In each experiment, it was assumed that the powers of all the incoming sources were equal. The noise at each array sensor was assumed to be additive white Gaussian noise process with zero mean. We also assumed a uniform linear array with half-wavelength element spacing. We examined the conventional MUSIC and ESPRIT algorithm when the number of snapshots was 100, whereas the proposed algorithm, Kim’s, and Wen’s methods only used a single snapshot. A total of 300 independent test runs were done to get each simulated point, and the DOA scanning was performed over [0°,90°] with a step size of . In these simulations, the solution of a linear matrix equation was solved using the CG method.

In the first experiment, three signals with the same SNR of 20 dB were impinging on the array of 23 sensors. Figures 1(b) and 1(c) show that we can estimate the three uncorrelated signals from [2.3°,9.7°,17.8°] using the proposed algorithm and MUSIC, respectively. Figure 2(b) shows that we can still estimate the two coherent signals from [2.3°,9.7°] and one uncorrelated signal from [17.8°] using the proposed algorithm but Figure 2(c) shows that MUSIC was unable to estimate the DOA of the two coherent signals. Also, Figures 1(a) and 2(a) show that the angles [2.3°,9.7°,17.8°] of the three incident signals were within the estimated possible ranges.

In the second experiment, we considered three uncorrelated signals from [2.3°,9.7°,17.8°], impinging on the array of 23 sensors. Figure 3 shows the comparison result of the probability of resolution versus various SNR values. As seen, ESPRIT has best resolution, the proposed algorithm and Wen’s method have almost identical resolution, and Kim’s method has worst resolution. When an SNR = −5 dB, the resolution probability of the proposed algorithm, Kim’s and Wen’s methods was less than 50% while it is close to 60% for ESPRIT.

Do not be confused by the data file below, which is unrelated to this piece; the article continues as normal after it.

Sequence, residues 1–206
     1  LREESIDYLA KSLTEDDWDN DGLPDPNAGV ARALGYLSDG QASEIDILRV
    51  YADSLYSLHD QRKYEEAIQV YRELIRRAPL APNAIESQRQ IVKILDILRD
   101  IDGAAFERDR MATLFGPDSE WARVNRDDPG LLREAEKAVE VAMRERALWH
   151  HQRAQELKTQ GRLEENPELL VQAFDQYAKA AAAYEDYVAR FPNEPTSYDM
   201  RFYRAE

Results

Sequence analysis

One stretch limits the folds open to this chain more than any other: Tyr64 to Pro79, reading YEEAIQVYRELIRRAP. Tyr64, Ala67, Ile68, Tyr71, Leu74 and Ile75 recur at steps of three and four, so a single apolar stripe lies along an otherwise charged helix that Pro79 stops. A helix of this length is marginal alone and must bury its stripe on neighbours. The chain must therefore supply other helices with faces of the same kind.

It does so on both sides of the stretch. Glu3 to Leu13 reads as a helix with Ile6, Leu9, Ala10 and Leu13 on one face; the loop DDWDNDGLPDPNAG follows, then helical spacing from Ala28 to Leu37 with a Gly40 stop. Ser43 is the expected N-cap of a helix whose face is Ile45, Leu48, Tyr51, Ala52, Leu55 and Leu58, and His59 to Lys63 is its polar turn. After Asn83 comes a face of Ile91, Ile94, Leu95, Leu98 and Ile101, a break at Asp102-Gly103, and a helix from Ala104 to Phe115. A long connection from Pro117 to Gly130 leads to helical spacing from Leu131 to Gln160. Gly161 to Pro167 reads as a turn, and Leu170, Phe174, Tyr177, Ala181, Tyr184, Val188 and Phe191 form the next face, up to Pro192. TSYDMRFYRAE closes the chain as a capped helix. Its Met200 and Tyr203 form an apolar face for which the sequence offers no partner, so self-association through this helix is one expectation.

In the third experiment, three uncorrelated signals from [2.3°,2.3° + *δθ*,2.3° + 2*δθ*], impinging on the array of 23 sensors and SNR of 20 dB, were considered where the *δθ* denote a small angle spacing. Figure 4 shows the comparison result of the probability of resolution versus the angle spacing of the incoming signals. As seen in that figure, ESPRIT achieves a higher rate of successful source separation in comparison with the proposed algorithm, Kim’s, and Wen’s methods. For an angle spacing , the resolution probability of the proposed algorithm, Kim’s and Wen’s methods was close to 0%. When an angle spacing , the Wen’s method and the proposed algorithm had better performance than Kim’s method.

In the fourth experiment, we considered three uncorrelated signals from [2.3°,9.7°,17.8°], impinging on the array with SNR of 20 dB. Figure 5 shows the comparison result of the probability of resolution versus the number of sensors for ESPRIT, the proposed algorithm, Kim’s, and Wen’s methods. The simulations showed that the performance could be improved by using more number of sensors for all algorithms, but that more processing time is required.

As expected, from Figure 1 to Figure 5, the simulations showed that the proposed method outperformed Kim’s methods and performed almost the same as Wen’s method with regards to resolution capabilities because the effective array size in both the proposed algorithm and Wen’s method is 15, but in Kim’s method is 11. If the number of signal sources is known exactly and has enough input data snapshots, of course, the MUSIC or ESPRIT provides us with better performance than the proposed algorithm in cases with uncorrelated signals.

#### 5. Conclusion

A new fast direction of arrival estimation technique is presented based on both a simple projection spectrum and the eigenspectrum. The advantages of this method over MUSIC, ESPRIT, Kim’s, and Wen’s methods are as follows: (1) it has a lower computation loads; (2) it allows arbitrary signal statistics, for example, nonstationary and coherent; (3) it is capable of tracking high varying signals. Computer simulations have shown that the proposed algorithm handles the coherent or uncorrelated signals well, whereas MUSIC does not, as well as better resolution as compared with Kim’s method, or similar resolution to Wen's method. Since this new approach improves performance by reducing computational complexity while maintaining sufficient resolution in highly nonstationary environments, it will have a wider range of prospective applications in real-time DOA estimation than other comparable methods.